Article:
Recent Olympics have had all sorts of controversy about the judging of Ice Skating, and whether this or that activity should be in the Games at all. Rancorous arguments were caused by people disagreeing with calls or judging. Some years ago the Daily Blog on the SI web site wrote a piece that echoes something I have been saying for a few years. The Blog made the point that judged events should not be in the Olympics for the simple reason that nobody can say that they are the best, when the best is determined by someone else with their own axe to grind. Only events where their is an unambiguous winner can declare a champion with any authority. We need to settle on a clear definition of what is a sport and I would propose the following
Sport; A physical activity, graded by an empirical set of standards, i.e. points, speed, time, distance, etc.
Art; A physical activity based on and judged by aesthetic and subjective criteria.
Art should not settle for being treated like a sport. Art is too important. I came to this conclusion many years ago when I was watching the Olympics and saw Torvill and Dean perform their breathtaking Bolero routine. They, of course won the gold. Years later they did poorly even though their routine was just as good. Why? Because the way they skated was out of style. I realized that if an event took into account any degree of style, it could not be considered a sport.
Aesthetics is not sporting.
Would we ever put Picasso and Monet head to head in a painting contest? Would we ever put the Bolshoy and the New York Ballet together in a winner take all grudge match? Of course not, the idea is silly. Yet we take some of the finest athletic artists and make them perform at their peak ability and then have a group of judges get together and, based on their own imperfect standards, prejudices, and biases declare who is the champion and who has wasted their life. At the very least it borders on the sadistic. Let me reiterate that this is not to say that these artists are not well trained athletes. You have to be in fantastic shape to do these things. I just don’t think you can compare artists and declare a winner.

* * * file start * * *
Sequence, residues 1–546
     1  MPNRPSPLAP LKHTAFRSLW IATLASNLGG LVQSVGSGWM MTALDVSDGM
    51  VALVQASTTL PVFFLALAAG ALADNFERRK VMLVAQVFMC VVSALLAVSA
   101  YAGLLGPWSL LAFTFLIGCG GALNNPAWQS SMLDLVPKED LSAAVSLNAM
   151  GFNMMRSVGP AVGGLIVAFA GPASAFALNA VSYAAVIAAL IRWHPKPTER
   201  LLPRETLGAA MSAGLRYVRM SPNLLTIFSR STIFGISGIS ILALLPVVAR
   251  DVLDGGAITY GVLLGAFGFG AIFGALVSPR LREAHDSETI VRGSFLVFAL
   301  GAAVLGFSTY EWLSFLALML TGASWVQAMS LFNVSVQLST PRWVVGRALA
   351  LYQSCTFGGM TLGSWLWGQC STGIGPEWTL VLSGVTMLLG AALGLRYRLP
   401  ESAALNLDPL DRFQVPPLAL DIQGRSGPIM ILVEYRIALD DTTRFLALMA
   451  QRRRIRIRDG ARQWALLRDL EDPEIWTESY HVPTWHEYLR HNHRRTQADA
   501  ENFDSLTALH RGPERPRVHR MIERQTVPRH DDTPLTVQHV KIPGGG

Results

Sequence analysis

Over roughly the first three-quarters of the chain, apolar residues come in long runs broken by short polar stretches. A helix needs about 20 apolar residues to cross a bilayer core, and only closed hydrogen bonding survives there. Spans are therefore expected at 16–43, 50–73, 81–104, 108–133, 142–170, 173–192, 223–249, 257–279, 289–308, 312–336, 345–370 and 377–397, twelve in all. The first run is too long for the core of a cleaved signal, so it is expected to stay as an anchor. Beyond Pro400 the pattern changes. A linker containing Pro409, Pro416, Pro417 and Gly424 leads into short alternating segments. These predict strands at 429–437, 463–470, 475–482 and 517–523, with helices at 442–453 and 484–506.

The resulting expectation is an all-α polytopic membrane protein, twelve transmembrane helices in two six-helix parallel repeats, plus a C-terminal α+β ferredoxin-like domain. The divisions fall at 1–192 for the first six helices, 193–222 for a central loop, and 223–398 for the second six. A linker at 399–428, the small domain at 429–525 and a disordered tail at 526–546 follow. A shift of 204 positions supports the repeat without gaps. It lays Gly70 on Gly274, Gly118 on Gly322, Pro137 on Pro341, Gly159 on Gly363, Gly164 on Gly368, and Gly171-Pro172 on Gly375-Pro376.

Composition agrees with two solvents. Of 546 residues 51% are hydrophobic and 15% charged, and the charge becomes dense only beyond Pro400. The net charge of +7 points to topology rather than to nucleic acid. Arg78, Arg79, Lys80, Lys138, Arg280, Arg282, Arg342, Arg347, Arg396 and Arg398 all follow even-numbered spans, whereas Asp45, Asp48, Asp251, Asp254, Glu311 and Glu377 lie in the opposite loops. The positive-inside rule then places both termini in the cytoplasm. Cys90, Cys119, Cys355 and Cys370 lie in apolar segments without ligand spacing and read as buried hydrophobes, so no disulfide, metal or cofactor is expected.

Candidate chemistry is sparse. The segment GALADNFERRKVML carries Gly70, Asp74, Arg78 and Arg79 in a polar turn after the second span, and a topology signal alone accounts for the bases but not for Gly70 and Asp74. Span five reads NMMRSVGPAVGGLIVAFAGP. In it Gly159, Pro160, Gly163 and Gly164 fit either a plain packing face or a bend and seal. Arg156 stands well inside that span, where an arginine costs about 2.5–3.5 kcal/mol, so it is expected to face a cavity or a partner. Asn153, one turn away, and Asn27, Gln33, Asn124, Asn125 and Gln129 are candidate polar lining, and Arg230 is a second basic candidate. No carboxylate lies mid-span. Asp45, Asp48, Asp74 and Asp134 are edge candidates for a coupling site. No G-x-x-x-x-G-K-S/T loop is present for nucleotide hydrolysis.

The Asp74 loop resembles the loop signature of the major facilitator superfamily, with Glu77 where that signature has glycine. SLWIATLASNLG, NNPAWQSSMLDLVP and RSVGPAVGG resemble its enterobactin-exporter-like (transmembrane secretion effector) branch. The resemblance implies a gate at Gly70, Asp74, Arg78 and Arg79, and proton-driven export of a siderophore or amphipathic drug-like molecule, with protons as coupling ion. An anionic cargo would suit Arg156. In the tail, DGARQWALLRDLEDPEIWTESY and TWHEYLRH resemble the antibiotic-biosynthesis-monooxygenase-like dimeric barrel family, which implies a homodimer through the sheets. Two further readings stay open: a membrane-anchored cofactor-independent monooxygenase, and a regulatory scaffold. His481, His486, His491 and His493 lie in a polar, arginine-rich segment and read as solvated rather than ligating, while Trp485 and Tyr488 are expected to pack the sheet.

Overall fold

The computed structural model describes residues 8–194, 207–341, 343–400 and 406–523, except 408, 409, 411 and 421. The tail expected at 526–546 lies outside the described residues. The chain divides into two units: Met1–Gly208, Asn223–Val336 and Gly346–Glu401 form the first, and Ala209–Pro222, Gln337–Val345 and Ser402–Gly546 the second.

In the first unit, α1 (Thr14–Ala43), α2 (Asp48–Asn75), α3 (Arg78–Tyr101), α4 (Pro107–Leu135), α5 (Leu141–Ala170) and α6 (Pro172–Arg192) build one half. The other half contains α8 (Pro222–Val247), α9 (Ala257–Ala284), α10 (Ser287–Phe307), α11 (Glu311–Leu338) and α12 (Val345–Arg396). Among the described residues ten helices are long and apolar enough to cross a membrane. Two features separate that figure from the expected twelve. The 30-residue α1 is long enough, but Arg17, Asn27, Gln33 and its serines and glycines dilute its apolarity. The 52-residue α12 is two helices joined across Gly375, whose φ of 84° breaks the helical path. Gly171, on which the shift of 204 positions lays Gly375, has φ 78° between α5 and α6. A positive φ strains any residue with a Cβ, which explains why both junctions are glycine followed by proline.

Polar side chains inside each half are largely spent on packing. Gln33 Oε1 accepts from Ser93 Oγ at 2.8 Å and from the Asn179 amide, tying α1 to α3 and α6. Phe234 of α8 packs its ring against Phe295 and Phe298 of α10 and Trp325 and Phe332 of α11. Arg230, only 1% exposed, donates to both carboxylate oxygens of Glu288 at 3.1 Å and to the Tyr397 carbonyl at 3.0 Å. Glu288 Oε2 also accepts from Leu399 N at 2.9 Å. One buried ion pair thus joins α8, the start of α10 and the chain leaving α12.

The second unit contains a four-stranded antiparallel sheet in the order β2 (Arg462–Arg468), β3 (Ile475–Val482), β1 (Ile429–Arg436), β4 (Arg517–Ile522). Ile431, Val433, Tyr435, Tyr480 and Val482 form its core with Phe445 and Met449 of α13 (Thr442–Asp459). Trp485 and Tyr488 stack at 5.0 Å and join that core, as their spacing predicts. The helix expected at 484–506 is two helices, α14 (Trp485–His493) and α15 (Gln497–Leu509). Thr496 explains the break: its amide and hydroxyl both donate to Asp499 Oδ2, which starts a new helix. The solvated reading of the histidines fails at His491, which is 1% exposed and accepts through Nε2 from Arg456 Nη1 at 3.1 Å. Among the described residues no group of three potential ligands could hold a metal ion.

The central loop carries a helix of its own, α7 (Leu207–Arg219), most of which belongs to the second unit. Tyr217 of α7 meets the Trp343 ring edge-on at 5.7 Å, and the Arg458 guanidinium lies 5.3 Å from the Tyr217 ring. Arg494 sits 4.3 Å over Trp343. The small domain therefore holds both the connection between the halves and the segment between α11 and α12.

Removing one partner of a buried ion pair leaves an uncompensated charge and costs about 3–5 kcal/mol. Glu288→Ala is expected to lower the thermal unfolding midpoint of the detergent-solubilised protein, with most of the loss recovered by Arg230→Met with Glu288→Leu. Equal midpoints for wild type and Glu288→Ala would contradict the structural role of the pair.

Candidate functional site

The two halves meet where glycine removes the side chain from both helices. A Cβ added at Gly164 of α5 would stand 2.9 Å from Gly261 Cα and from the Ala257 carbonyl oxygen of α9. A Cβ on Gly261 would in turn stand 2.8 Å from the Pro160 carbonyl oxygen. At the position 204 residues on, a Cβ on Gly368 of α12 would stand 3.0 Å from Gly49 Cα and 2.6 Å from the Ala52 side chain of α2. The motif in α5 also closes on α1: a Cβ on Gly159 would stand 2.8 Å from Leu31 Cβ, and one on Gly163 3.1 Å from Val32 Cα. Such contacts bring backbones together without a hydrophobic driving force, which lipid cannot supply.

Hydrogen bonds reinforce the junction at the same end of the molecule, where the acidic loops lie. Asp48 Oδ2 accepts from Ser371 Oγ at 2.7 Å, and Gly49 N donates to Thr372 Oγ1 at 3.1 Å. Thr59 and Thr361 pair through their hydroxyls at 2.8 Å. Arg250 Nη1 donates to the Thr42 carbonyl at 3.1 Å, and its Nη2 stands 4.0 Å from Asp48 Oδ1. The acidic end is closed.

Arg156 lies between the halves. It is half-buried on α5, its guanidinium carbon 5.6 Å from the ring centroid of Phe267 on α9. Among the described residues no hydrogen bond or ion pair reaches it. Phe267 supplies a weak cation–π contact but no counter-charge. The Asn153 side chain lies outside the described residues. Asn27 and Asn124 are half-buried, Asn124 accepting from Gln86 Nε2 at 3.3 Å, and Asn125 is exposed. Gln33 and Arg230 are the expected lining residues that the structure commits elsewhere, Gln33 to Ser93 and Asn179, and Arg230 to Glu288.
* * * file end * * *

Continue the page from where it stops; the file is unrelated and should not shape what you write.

OK, if we accept the postulate. Empirical = Sport, Subjective = Art. Only Sports belong in the Olympic Games, (that is why they are called Games). What does this mean for the Olympics. Which events stay and which ones go?
All racing events, weight lifting events, throwing events, vehicle events (boat racing, bicycling, etc), swimming racing, and such are clearly sports. They are scored by who runs, jumps, throws, or drives the fastest, furthest, highest, or heaviest. There is no question who is the best at each event.
Points based team events (Baseball, Football, Soccer, and Basketball), are sports even though some of the outcome is up to the judgment call of the referee. In these cases, absolute ways of determining fair or foul, inbound and out, are needed. As if to answer that need, professional baseball in some countries is in fact experimenting with robot umpires as is tennis.
Anything that is at it’s heart Dancing (Ice Skating and Dancing, and Gymnastics,) is not a sport.
Synchronized events (synchronized swimming or diving) is most likely not a sport unless there is a way of determining who is best in synch without resorting to judgment calls.